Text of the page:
Black Femicides Matter: Conceptualizing the Killings of Black Girls and Women as Structural and Cultural Violence

Published date01 August 2024
AuthorBrianne M. Posey
Date01 August 2024
Subject MatterSpecial Issue Articles
Homicide Studies
2024, Vol. 28(3) 313 –340
© 2023 SAGE Publications
Article reuse guidelines:
DOI: 10.1177/10887679231209227
Special Issue Article
Black Femicides Matter:
Conceptualizing the Killings
of Black Girls and Women
as Structural and Cultural
Brianne M. Posey1
Although men of color are disproportionately the victims of violence in the United
States, Black women face a substantial risk. This work presents a layered commentary
on the growing epidemic of Black femicide. First, hypervisibility and invisibility within
institutions is explored. Second, using feminist victimology and intersectionality
frameworks, four forms of Black femicide are analyzed: gun violence, intimate partner
violence, targeted violence, and institutional violence. Third, topics of missing and
insufficient information on Black femicide are probed. Fourth, procedural limitations
and recommendations for future works are proposed. This essay seeks to improve
discussions surrounding Black femicide in research and practice.
violence, homicide, intersectionality, women, femicide, gender, feminist victimology
The United States (U.S.) has recently recorded some of the highest rates of homicide
in modern history. According to provisional data released by the Centers for Disease
Control and Prevention (CDC), the homicide rate rose 30% between 2019 and 2020
(Centers for Disease Control and Prevention [CDC], 2021a). Using data gathered by
the Federal Bureau of Investigations (FBI), the Pew Research Center reported that
1California State University Northridge, USA
Corresponding Author:
Brianne M. Posey, California State University Northridge, 18111 Nordhoff St, Northridge, CA 91330,
1209227HSXXXX10.1177/10887679231209227Homicide StudiesPosey
314 Homicide Studies 28(3)
homicides increased by another 4.3% in 2021 (Gramlich, 2021). The Johns Hopkins
Center for Gun Violence Solutions (2022) noted that in 2020 the firearm homicide rate
increased by 15% from 2019, reaching the highest level ever recorded. These spikes
represent a substantial and continuing public health concern.
Homicide reports have also expelled demographic disparities. For instance,
National Vital Statistics Systems, Mortality Data revealed that Black males experience
the highest rates of gun violence resulting in death (Garnett et al., 2019). Although
Black men have held the highest homicide victimization rates for decades (Harrell,
2007), a shift has occurred. In 2017, a CDC report divulged that Black women were
slain at significantly higher rates than women of other races. In particular, the report
concluded that Black women were killed at a rate of 4.4 per 100,000, closely rivaling
the epidemic of Missing and Murdered Indigenous Women (MMIW), where Indigenous
women were killed at a rate of 4.3 per 100,000 (Petrosky et al., 2017). Furthermore,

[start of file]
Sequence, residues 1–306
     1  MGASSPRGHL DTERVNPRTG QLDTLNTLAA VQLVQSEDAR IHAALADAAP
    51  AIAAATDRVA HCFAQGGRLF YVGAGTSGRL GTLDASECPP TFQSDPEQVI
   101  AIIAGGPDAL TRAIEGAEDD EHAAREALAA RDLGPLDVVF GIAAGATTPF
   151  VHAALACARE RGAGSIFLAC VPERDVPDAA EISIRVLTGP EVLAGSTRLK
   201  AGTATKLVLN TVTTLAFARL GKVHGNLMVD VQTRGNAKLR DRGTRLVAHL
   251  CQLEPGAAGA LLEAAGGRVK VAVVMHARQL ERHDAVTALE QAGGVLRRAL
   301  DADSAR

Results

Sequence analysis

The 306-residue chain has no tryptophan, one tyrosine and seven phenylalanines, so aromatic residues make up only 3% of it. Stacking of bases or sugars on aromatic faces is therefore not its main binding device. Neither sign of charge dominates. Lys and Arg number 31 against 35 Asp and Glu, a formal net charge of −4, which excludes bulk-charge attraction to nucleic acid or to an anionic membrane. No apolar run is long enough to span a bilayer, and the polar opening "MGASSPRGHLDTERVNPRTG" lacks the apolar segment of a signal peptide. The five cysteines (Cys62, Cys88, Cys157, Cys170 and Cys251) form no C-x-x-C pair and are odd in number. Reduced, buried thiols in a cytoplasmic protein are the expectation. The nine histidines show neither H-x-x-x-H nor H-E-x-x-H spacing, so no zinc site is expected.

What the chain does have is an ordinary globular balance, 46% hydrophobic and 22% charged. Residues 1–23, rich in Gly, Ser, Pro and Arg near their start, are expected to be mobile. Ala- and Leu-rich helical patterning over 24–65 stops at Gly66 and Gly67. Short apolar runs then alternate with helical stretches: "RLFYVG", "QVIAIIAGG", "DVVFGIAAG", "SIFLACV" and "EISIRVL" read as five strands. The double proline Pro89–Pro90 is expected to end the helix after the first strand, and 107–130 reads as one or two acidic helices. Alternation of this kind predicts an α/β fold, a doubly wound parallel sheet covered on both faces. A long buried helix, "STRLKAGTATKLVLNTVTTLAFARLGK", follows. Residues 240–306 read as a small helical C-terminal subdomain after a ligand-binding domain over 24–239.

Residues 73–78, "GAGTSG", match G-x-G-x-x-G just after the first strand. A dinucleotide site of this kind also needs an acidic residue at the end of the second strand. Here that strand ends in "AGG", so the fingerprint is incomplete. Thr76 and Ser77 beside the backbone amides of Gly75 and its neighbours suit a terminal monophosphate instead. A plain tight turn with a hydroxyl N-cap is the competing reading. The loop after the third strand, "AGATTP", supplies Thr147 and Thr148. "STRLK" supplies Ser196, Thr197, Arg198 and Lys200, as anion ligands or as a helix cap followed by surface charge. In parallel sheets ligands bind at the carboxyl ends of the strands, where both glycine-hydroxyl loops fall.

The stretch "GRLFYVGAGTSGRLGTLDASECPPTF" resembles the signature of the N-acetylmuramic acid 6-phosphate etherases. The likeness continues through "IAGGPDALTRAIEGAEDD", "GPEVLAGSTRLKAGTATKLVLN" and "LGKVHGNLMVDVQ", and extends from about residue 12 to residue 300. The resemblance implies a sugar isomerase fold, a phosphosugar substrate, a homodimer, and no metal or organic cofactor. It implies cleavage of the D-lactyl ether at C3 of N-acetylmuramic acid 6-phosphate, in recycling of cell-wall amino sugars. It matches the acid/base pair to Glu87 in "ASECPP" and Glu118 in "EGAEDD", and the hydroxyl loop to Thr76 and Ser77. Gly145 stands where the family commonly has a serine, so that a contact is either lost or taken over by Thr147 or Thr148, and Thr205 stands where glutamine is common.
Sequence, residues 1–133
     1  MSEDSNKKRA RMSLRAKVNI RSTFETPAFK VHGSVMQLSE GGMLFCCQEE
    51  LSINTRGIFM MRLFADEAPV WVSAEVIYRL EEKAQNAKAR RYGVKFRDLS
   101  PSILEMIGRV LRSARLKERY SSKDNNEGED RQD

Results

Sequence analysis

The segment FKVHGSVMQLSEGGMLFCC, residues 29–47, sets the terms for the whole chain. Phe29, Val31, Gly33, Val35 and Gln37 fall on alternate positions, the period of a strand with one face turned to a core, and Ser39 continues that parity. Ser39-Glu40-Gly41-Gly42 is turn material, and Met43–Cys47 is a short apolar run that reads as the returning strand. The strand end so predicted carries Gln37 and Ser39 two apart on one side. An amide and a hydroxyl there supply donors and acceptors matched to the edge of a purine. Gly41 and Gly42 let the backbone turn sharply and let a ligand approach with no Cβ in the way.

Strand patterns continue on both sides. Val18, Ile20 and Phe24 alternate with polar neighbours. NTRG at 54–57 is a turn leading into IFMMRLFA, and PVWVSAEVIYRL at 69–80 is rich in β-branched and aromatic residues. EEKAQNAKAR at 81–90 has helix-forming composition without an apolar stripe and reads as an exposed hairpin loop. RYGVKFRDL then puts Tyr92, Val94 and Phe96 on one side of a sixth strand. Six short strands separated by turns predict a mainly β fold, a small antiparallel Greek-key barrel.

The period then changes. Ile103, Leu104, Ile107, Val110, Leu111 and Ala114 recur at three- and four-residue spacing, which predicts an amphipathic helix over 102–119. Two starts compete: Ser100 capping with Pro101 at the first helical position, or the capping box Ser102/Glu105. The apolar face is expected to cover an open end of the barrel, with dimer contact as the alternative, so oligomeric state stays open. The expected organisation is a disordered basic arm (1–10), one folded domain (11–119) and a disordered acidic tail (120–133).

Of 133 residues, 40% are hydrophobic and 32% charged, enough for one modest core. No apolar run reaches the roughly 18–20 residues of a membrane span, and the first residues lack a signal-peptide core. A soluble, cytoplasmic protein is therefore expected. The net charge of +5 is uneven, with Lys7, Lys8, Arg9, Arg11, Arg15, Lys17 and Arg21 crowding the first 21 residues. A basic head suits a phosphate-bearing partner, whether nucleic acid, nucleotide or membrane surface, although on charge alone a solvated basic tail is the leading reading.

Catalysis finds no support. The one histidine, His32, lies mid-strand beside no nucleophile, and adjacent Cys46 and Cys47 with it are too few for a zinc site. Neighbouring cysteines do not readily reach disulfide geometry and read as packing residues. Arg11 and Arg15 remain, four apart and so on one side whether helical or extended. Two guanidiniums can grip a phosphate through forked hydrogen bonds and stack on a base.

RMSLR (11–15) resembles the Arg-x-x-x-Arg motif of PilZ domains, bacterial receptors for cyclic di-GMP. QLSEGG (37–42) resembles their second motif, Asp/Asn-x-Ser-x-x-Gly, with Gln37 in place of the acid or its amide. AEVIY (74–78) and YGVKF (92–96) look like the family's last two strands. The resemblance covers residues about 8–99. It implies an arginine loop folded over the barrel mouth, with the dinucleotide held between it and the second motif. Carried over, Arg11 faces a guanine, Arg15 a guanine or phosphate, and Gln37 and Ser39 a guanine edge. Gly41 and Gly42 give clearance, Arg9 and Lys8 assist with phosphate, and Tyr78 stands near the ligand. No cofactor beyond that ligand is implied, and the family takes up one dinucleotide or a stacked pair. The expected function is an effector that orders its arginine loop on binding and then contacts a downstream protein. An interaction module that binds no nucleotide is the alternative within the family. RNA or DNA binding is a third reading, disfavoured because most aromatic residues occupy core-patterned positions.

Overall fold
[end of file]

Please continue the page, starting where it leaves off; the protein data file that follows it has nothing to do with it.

data from the CDC positioned homicide as one of the leading causes of premature
death for Black females in 2018 (CDC, 2021b).
Black women’s risk for homicide victimization has risen to alarming levels as of
late. Findings from an investigation done by The Guardian conveyed that during the
Coronavirus (COVID-19) Pandemic, the murders of Black women rose dramatically
(Beckett & Clayton, 2022a), which included a sharper increase in homicides than
almost every other demographic (Beckett & Clayton, 2022b). In addition, The Murder
Accountability Project. (2019) noted that the rate of solved murders for Black women
has declined. In many circles, these troubling trends are referred to as Black femicide.
As femicide is broadly defined as “the intentional murder of women because they are
women” (World Health Organization, 2012, p. 1), Black femicide, a term coined by
activist Rosa Page (Beckett & Clayton, 2021), speaks to the intentional killing of
Black women because they are Black and women. These killings underscore the con-
tinuum of hostility that is directed toward women with intersecting identities.
Therefore, it is posited that Black femicide is not exclusive to hate crimes, it also
includes killings driven by overlapping stereotypes, discrimination, unequal power
relations, and harmful social norms.
Indeed, Black women face imminent social, political, and economic disadvantages
(see Beal, 2008; Henriques, 1996; Settles, 2006; Sidanius & Veniegas, 2013; St Jean
& Feagin, 2015). These disadvantages extend to violence, where homicide victimiza-
tion continues to be part of their lived experience. With rates of fatal violence surg-
ing, Black femicide has emerged as a societal crisis requiring thorough and urgent
scholarly attention. However, scholarly research is severely lacking in this area of
homicide inquiry. This essay seeks to provide a commentary on Black femicide; and
accordingly, lay a foundation for theoretical and empirical works. To this end, I draw
on feminist victimology and intersectionality frameworks as springboards in concep-
tualizing the killings of Black girls and women as structural and cultural violence.
The following sections explore Black women’s hypervisibility and invisibility within
American institutions and then probe several forms of Black femicide. Next, I iden-
tify and discuss shortcomings and inconsistencies in data on Black femicide, speak-
ing specifically to research methodologies and procedures, accompanied by

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